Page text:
Election Day, it’s finally here. This year, I am off. The schools in my school district are closed, but not all school districts are closed for election day, it depends on the school district. It’s a local issue.
My students wrapped up their study of the U.S. Constitution last Friday. They believe the Constitution is behind them, but they are in for a surprise – knowing and applying the Constitution never goes away.
I was awakened this morning before my alarm sounded and I got up, I should have stayed in bed, but didn’t. I am not sure what woke me in the first place, but what kept me up was a thought I couldn’t keep out of my mind. Last week, as I was discussing the Constitution with my students, I needed to cover their rights, duties, and responsibilities as citizens of the United States of America.
The duties mentioned in our textbook are:
- Obey the law
- Pay taxes
- Defend the nation
- Serve in court
- Attend school
I went further to remind my students that though attending school was a duty, being in school and being more than ‘present’ was their responsibility, not only to themselves, but to our country. It meant being engaged in their learning.
We further discussed that the Constitution guaranteed their right to vote (when they reached the voting age), but it was their responsibility to stay informed and take part in the democratic process. I searched high and low and came across the list of rights and responsibilities of citizens on the United States Citizenship and Immigration Services website.
- Freedom to express yourself.
- Freedom to worship as you wish.
- Right to a prompt, fair trial by jury.
- Right to vote in elections for public officials.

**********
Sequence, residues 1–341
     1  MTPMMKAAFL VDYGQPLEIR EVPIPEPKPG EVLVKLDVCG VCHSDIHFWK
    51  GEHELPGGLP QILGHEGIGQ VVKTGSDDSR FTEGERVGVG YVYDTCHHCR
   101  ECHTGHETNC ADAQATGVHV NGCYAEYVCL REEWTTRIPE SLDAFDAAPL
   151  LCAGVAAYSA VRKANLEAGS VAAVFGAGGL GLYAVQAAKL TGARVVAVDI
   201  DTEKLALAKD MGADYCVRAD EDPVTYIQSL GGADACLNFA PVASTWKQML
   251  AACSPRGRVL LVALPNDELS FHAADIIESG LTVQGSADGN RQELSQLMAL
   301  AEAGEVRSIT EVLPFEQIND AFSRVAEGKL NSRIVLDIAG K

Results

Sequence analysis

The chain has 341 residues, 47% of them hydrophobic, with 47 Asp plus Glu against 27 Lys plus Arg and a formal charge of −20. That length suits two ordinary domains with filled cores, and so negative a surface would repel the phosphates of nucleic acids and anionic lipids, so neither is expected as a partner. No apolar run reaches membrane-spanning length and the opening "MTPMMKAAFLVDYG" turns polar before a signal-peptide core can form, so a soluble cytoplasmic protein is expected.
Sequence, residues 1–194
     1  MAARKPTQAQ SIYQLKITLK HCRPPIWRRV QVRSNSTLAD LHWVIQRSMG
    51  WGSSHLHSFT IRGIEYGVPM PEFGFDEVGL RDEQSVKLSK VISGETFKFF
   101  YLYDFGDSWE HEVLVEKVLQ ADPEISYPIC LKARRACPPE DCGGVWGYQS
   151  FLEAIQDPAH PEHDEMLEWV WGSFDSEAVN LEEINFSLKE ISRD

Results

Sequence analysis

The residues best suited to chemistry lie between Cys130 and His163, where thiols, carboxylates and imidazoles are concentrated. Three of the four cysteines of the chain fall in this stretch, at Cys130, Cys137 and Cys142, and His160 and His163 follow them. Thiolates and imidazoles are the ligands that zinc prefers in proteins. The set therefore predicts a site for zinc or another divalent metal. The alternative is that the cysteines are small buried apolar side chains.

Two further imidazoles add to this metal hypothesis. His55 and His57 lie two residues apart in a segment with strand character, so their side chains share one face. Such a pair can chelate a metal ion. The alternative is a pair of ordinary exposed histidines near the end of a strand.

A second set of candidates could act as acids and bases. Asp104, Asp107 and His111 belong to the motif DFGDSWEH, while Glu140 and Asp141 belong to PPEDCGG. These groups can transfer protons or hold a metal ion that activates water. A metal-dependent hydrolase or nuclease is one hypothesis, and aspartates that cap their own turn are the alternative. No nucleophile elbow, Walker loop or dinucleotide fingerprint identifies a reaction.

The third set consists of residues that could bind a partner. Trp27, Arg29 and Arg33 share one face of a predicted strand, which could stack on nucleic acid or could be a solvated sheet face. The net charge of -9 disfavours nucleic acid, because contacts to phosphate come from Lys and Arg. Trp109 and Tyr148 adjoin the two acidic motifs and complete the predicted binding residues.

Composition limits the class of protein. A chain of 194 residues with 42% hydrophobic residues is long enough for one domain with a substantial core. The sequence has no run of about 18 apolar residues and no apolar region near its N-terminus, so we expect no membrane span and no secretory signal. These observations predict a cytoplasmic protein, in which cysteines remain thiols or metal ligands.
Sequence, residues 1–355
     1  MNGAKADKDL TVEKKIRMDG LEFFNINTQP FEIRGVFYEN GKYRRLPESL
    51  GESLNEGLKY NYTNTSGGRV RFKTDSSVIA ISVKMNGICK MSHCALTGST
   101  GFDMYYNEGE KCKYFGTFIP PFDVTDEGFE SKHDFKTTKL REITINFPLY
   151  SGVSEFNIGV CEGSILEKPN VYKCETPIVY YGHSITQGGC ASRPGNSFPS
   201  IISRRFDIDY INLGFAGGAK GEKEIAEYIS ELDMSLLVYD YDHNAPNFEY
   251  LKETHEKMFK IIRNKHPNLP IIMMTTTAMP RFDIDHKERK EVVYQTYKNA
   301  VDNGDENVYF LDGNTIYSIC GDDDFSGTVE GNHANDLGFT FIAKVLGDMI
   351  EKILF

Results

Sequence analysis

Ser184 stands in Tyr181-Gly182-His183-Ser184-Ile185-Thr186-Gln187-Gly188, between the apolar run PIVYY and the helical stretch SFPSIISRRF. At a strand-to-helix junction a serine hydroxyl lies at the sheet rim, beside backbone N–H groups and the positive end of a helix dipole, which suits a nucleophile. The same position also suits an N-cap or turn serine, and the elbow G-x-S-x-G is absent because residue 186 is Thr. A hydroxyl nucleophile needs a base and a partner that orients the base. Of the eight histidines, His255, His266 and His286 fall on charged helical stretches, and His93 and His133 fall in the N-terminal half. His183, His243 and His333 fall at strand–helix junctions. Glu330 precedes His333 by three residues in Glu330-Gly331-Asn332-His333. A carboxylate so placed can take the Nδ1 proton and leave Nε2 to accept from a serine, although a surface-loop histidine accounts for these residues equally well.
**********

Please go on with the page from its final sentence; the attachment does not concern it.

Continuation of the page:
- Right to apply for federal employment requiring U.S. citizenship.
- Right to run for elected office.
- Freedom to pursue “life, liberty, and the pursuit of happiness.”
- Support and defend the Constitution.
- Stay informed of the issues affecting your community.
- Participate in the democratic process.
- Respect and obey federal, state, and local laws.
- Respect the rights, beliefs, and opinions of others.
- Participate in your local community.
- Pay income and other taxes honestly, and on time, to federal, state, and local authorities.
- Serve on a jury when called upon.
- Defend the country if the need should arise.
SOURCE: United States Citizenship and Immigration Services – Department of Homeland Security
I found a treasure trove of information. I found a booklet, in digital form, which is likely given to new citizens after their ceremony. Inside the 112 page booklet I found a wealth of information including the quote below.
“I received a letter just before I left office from a man. I don’t know why he chose to write it, but I’m glad he did. He wrote that you can go to live in France, but you can’t become a Frenchman. You can go to live in Germany or Italy, but you can’t become a German, an Italian. He went through Turkey, Greece, Japan and other countries. But he said anyone, from any corner of the world, can come to live in the United States and become an American.” Excerpt from a letter to President Ronald Reagan (1990)
This morning, I woke O and took her with me to vote. We saw W, who was working the election for the county. O stood by my side, as I marked my ballot and witnessed as I slid the ballot into the voting machine. I was #145 in the precinct. We both got “I Voted Today” stickers when we left. Afterwards, we went to Starbucks, had breakfast, and I helped her with her algebra homework and then I dropped her off at school.
And that sums it up for this post. I am an American. Several generations ago, my ancestors came here from Europe to make a new home and became Americans. They risked it all. It is easy to forget what they sacrificed to come here and what they left behind.
Today is gonna be a great day. In many ways, it already is. I’ve done my part; I can only hope and pray that the results of this election are a step forward and that we all can come together and be a UNITED States of America, again. Making the Days Count, one day at a time, one person, one vote, united in a common purpose.
And if you have time, about 12 minutes and 6 seconds, please take time to watch the video below. Peace.